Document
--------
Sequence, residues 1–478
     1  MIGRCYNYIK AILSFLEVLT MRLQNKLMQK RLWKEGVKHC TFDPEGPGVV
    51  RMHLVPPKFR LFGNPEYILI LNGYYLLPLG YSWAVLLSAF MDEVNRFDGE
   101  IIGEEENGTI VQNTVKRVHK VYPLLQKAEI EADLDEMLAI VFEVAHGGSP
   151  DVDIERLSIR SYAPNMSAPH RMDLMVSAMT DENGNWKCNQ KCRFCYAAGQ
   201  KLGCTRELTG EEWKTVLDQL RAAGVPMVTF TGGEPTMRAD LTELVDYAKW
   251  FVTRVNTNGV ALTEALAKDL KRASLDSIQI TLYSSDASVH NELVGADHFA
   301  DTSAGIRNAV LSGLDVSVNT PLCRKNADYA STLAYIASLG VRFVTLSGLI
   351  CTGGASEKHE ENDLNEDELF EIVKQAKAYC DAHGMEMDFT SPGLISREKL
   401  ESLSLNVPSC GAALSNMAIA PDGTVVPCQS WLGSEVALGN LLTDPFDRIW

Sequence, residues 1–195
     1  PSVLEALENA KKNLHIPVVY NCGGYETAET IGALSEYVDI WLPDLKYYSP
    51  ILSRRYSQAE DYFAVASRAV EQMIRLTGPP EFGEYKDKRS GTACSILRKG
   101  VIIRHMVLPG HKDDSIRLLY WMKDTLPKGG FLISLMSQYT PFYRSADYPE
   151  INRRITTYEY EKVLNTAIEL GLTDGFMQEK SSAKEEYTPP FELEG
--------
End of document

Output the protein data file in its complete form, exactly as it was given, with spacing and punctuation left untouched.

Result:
Sequence, residues 1–478
     1  MIGRCYNYIK AILSFLEVLT MRLQNKLMQK RLWKEGVKHC TFDPEGPGVV
    51  RMHLVPPKFR LFGNPEYILI LNGYYLLPLG YSWAVLLSAF MDEVNRFDGE
   101  IIGEEENGTI VQNTVKRVHK VYPLLQKAEI EADLDEMLAI VFEVAHGGSP
   151  DVDIERLSIR SYAPNMSAPH RMDLMVSAMT DENGNWKCNQ KCRFCYAAGQ
   201  KLGCTRELTG EEWKTVLDQL RAAGVPMVTF TGGEPTMRAD LTELVDYAKW
   251  FVTRVNTNGV ALTEALAKDL KRASLDSIQI TLYSSDASVH NELVGADHFA
   301  DTSAGIRNAV LSGLDVSVNT PLCRKNADYA STLAYIASLG VRFVTLSGLI
   351  CTGGASEKHE ENDLNEDELF EIVKQAKAYC DAHGMEMDFT SPGLISREKL
   401  ESLSLNVPSC GAALSNMAIA PDGTVVPCQS WLGSEVALGN LLTDPFDRIW

Sequence, residues 1–195
     1  PSVLEALENA KKNLHIPVVY NCGGYETAET IGALSEYVDI WLPDLKYYSP
    51  ILSRRYSQAE DYFAVASRAV EQMIRLTGPP EFGEYKDKRS GTACSILRKG
   101  VIIRHMVLPG HKDDSIRLLY WMKDTLPKGG FLISLMSQYT PFYRSADYPE
   151  INRRITTYEY EKVLNTAIEL GLTDGFMQEK SSAKEEYTPP FELEG